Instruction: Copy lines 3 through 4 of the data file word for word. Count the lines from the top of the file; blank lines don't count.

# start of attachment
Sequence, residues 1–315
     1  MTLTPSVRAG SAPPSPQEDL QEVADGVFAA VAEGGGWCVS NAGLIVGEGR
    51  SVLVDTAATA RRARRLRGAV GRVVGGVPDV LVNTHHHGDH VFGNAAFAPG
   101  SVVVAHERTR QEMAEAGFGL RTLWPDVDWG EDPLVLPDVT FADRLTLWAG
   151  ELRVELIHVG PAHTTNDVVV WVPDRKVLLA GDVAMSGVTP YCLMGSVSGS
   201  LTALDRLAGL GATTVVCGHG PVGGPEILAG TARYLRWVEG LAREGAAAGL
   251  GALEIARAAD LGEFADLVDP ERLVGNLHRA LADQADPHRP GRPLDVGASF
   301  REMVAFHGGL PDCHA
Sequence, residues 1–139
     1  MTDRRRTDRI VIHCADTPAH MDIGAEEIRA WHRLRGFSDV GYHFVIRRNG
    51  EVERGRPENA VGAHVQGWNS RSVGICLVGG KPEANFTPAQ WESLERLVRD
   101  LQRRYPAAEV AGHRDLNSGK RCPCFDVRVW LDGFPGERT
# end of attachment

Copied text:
    51  SVLVDTAATA RRARRLRGAV GRVVGGVPDV LVNTHHHGDH VFGNAAFAPG
   101  SVVVAHERTR QEMAEAGFGL RTLWPDVDWG EDPLVLPDVT FADRLTLWAG